If you over-imbibed on all the Grammar Day activities, posts, chats, and contests this week, here’s the perfect chaser: a Wordoku puzzle. It keeps things verbal by using letters instead of numbers, but it provides the same calming, orderly fun of traditional Sudoku.
National Grammar Day is 10 short days away, on March 4th, the day of the year that forms a handy imperative sentence. It’s not all commands and demands, though. You’ll have a number of fun options for celebrating. Here are a few you'll want to check out:
We’ve had a little word fun with Valentine’s Day before. We unscientifically proved that the language of love is 70 percent French (or 100 percent Nahuatl), and we took you from a sweet treat to a life commitment in a five-step reflections game. Today, with snow (again!) blanketing much of the U.S., we slow it down and warm it up with a doublets game that goes from warm embrace to warm attachment in eight steps.
In the U.S., we celebrate Martin Luther King Jr. Day on the third Monday in January — January 20 this year. As a professional speaker, both in his role as minister and as civil rights leader, Martin Luther King Jr generated a remarkable body of quotes on a wide array of issues. Many have become touchstones in modern writing about courage, education, ethics, faith, justice, love, nonviolence, racism, sense, and more.
What are the depths of winter good for if not reflection — and word play. In a bit of meta fun, today’s game takes us through the secret dream of writers everywhere: to go from playing around with words to having a megahit in a mere seven steps.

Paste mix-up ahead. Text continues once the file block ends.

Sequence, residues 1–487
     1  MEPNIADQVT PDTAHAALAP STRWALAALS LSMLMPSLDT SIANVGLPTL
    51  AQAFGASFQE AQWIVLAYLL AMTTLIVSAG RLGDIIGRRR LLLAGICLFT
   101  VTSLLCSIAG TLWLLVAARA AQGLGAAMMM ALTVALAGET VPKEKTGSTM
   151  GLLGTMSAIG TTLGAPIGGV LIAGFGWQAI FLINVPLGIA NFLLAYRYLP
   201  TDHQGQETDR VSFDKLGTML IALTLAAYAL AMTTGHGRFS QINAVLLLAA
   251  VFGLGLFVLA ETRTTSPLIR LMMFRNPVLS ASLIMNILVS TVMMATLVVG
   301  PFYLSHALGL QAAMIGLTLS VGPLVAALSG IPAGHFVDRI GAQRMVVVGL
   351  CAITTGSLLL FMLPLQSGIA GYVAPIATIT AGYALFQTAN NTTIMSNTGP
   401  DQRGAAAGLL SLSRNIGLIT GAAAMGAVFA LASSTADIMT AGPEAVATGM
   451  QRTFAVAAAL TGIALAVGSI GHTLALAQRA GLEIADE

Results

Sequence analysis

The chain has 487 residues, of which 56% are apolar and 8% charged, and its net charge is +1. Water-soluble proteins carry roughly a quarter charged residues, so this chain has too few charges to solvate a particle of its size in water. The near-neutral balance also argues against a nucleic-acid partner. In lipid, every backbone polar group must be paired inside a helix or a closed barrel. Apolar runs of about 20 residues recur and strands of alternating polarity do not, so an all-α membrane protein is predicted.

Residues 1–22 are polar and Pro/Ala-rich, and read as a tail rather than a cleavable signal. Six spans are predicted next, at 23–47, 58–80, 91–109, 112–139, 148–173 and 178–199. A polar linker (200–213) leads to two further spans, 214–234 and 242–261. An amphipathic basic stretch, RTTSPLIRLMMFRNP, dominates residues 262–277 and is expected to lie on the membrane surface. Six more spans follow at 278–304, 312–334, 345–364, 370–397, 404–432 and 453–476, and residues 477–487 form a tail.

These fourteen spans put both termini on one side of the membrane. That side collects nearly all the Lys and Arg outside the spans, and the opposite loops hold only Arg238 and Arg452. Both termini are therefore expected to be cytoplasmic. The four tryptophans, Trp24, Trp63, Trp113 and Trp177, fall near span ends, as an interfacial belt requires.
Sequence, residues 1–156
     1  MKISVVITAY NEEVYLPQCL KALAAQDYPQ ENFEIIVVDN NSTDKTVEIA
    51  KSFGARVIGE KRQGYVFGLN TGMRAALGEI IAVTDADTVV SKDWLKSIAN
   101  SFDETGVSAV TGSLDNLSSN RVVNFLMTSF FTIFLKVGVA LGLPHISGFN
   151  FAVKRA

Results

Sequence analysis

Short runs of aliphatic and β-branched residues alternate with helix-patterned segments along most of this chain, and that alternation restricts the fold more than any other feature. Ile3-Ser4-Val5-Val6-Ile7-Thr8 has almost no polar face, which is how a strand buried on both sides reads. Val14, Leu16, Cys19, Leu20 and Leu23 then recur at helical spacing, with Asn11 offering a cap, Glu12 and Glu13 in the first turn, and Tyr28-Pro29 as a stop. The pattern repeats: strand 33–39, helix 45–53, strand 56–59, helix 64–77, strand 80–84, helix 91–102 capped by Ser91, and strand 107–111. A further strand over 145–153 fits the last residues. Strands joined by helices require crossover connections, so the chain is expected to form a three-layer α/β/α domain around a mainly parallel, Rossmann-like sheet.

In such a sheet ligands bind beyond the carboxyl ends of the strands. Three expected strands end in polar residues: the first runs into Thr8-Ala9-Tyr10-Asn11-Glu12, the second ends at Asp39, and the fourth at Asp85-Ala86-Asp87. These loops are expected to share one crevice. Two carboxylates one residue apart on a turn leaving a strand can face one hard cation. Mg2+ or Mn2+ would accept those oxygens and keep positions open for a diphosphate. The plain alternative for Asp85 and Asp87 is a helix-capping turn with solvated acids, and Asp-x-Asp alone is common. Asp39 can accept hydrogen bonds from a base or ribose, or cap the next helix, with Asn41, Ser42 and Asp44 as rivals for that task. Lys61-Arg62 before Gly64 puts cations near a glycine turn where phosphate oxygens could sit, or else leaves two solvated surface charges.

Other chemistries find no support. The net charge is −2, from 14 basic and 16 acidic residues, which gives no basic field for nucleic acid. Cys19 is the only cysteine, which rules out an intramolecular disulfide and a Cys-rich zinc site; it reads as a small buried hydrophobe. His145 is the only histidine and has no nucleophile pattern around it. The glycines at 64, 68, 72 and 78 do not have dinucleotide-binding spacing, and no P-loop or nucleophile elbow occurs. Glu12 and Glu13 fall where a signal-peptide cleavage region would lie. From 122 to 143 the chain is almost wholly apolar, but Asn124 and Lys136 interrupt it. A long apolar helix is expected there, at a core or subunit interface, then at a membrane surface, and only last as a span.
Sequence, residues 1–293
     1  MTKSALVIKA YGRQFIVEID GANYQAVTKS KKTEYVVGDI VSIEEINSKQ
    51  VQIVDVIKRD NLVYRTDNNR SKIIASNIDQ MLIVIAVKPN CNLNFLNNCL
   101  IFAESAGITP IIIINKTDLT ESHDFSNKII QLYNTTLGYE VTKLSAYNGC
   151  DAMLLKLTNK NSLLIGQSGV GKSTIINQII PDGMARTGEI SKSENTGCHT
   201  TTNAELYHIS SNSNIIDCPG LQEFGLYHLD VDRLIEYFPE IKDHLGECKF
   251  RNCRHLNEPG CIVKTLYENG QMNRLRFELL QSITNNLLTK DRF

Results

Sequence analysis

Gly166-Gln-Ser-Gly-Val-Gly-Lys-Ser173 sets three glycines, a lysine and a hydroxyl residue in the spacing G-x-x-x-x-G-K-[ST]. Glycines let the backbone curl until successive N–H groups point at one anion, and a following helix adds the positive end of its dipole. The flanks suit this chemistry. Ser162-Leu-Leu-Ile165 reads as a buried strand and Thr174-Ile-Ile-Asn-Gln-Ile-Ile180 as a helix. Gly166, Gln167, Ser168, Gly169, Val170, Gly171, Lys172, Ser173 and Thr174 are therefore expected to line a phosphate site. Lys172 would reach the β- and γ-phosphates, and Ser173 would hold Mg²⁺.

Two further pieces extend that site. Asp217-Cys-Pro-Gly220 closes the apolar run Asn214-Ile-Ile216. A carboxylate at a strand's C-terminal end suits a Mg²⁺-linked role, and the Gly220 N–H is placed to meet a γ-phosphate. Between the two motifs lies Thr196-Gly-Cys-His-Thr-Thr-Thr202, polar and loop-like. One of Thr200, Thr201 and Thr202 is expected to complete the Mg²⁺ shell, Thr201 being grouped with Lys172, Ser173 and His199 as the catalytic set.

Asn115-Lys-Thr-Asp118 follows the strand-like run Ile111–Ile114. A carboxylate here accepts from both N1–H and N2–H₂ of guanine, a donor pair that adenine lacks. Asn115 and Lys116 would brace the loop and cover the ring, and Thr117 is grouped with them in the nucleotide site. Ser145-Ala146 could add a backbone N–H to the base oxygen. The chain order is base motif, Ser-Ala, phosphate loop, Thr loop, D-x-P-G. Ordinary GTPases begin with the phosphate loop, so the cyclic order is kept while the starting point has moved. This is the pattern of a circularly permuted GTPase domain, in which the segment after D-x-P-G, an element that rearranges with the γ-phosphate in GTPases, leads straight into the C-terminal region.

Use the clue to complete the word or phrase; the last part of each word or phrase is the first part of the next. [Difficulty level: easy-moderate]
Words are trendy things. Some popular words have a clear causal event. Others creep onto the scene with little evidence of where they came from or why. And a few pop up annually, as if they have scheduled appearances to make.
On December 21, 1913, Arthur Wynne created and published the first crossword puzzle. Running in the “Fun” section of the New York World and including the given word FUN, the puzzle was called a “word-cross” and it started the crossword craze that we still enjoy today.
We may dream of and play games featuring winter adventures, but much of the U.S. is experiencing the kind of cold and snow that drives us inside for cozy and quiet evenings. The kind that go perfectly with a warm beverage and a good old-fashioned word search.
Find the 24 winter words in this classic word search. Words can go in any direction—including backwards and diagonally. Need a little help? See below for the first two letters of each word. [Difficulty level: moderate]